Hey, Let’s Talk about Birth Control (part 1: History)

So in the last week modern medicine has evidently gotten some decent results road testing hormonal birth control for men. It’s still very much in the study phase but the pill functions by lowering testosterone dramatically but suppressing potential side effects (lower libido, breast growth) by including other chemicals that mimic what testosterone does. I’m a little ashamed to say it, but part of me laughs pretty heartily at stories like these in which the potential side effects may limit eventual production and taking of the drug, given how much women on birth control have tolerated over generations. We had to fight to be able to have access to the stuff, and it routinely mucks about with our systems, but we keep taking it:  the costs are much higher for us than for men, generally speaking, without it.

First a little history lesson.

Birth control was illegal in America, essentially, until the 1960s. The Comstock Laws effectively prohibited communication about birth control (it was a measure that directly impacted the mail–what could be sent, etc) which meant even pamphlets about the rhythm method would have been deemed obscene and tossed. Family planning clinics like those set up by Margaret Sanger in the early 20th c were frequently raided and closed. Women with money might get around the prohibitions, but those without could not.

Condom Tins
Condom tins. Image linked from Collector’s Weekly, https://www.collectorsweekly.com/articles/getting-it-on-the-covert-history-of-the-american-condom/

[Condoms, incidentally, have existed for centuries. While the Comstock Laws shut down the trade via mail order (the main way people got a lot of things, as we do, too) by the 20th century they were on store shelves sold as protection against venereal disease. Thus while stores violated the spirit of the law, they kept to its letter.]

In any case, the party who ultimately controlled whether a woman got pregnant or not from intercourse, whether it was using the rhythm method or a rubber, was men. And many men wanted their partners to be pregnant a lot, and/or they didn’t want to use condoms. Further, particularly when those women were not their wives, men could just bail when a partner became pregnant, leaving women deeply constricted and without good options. Margaret Sanger, for all her deeply problematic ethical issues, was deeply sensitive to the shitty position women were in when it came to sex. Having no control over fertility meant women had little control over their lives. She put a great deal of time and money into developing a network of family planning centers–Planned Parenthood–and in development of pharmaceutical birth control for women.

The Pill

By the mid 1950s, researchers had developed The Pill, but needed test subjects. They got them in Puerto Rico under some shady conditions, as PR didn’t have a birth control ban. A monster combination of estrogen and progesterone, the pills tested there may have led to three deaths. Few women were well-informed on what they were taking or why, and as that WaPo article notes, several were still part of the trials until 1964–long after the drug was in America and deeply troubling side effects became that much more obvious. A full quarter of the participants left because of them in PR, but the man running the study, Dr. Gregory Pincus, pressed on. By 1960, the pill was marketed in the US as menstruation-related (fully legal!) and by 1962, package inserts could note it might prevent birth. But by that point, 6 American women died of blood clots related to the pill (26 had gotten them). That said, it is only in 1965 that married couples could get access, legally, to birth control: prior, women would have to get scrips for gynecological reasons that were likely fabrications. Single people did not gain that right until 1971.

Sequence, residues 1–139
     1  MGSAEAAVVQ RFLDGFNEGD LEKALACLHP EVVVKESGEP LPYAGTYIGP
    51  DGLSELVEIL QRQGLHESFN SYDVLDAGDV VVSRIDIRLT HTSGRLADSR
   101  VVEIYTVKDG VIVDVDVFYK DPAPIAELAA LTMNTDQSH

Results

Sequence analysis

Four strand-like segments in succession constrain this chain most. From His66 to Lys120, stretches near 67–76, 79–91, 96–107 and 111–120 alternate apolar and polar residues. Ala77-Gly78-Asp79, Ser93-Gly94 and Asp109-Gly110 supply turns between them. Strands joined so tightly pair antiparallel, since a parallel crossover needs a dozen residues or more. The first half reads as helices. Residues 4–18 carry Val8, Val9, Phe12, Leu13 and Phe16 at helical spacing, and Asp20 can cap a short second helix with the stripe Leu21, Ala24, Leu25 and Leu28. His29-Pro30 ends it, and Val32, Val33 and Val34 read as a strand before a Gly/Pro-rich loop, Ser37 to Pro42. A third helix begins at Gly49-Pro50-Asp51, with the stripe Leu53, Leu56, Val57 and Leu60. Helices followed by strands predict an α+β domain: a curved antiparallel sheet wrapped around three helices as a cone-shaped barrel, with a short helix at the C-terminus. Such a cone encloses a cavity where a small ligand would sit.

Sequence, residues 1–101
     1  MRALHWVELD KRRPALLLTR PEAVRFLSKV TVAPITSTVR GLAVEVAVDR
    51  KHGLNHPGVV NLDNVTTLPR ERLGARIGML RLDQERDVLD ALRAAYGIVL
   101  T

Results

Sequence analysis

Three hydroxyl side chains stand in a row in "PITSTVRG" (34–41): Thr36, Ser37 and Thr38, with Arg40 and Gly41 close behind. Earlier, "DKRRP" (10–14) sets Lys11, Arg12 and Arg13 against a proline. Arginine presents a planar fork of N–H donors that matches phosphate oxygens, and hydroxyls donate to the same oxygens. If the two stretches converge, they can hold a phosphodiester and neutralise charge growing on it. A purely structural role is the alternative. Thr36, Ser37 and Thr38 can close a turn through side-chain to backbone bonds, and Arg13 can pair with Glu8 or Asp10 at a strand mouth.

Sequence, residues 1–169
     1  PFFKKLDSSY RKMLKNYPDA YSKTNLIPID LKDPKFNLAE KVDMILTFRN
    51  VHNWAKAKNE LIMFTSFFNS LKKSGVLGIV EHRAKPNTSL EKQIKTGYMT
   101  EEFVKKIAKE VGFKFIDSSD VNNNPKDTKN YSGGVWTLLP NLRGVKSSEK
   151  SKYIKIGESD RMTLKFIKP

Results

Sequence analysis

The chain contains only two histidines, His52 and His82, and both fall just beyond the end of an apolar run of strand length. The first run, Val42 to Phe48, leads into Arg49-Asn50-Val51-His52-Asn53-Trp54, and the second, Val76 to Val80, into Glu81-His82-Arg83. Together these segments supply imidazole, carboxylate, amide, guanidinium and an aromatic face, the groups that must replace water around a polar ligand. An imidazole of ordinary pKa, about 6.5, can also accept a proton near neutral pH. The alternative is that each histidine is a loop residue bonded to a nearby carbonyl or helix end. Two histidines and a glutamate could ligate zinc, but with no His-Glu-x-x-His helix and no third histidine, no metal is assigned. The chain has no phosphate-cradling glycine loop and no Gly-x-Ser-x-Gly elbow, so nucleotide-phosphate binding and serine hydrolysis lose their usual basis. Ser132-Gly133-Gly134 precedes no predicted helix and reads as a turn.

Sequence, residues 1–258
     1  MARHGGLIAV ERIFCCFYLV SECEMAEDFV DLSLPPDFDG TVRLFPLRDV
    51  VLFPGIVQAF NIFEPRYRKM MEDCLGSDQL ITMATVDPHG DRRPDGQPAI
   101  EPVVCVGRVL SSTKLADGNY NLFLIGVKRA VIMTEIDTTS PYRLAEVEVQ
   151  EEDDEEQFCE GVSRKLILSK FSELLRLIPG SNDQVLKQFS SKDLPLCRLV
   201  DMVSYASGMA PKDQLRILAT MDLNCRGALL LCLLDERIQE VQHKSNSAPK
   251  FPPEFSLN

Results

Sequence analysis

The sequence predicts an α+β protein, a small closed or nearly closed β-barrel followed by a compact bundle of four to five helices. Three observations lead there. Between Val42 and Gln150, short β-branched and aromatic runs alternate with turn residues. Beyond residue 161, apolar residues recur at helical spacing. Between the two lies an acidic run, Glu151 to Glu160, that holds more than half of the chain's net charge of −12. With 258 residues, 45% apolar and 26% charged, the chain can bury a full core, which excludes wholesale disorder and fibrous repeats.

Sweet freedom

The pill meant that women could control their own fertility, albeit with some ugly side effects. Women chose to tolerate those effects, however, because the costs of not doing so were enormous and hinged on a couple of things. One, they were–as adult humans–entitled to pleasure. America still struggles with this idea (even as it hyper sexualizes women), but women are allowed to have sex for funsies. The pill liberated women to do so in whatever context (in marriage, outside of it, and so on) they might want.

A second key point is that even inside the context that’s socially approved (marriage), many women wanted to be freed from the cycles of pregnancy and birth that their mothers had. They wanted to be able to time their children (if they wanted them to begin with) in order to pursue work. They wanted to have only the number of kids they might be able to support. Make no mistake, that kind of control is tremendous and a reason why many people opposed the pill: women who can choose to work and be financially independent of a man stand to upset the larger patriarchal order (and they did). We take for granted, I suspect, that control women have over their bodies now is what permits us a much wider range of opportunities, including access to powerful places. However it’s limited these days, that we even have such access has as much to do with the changes wrought by the pill as anything else.

More another day!

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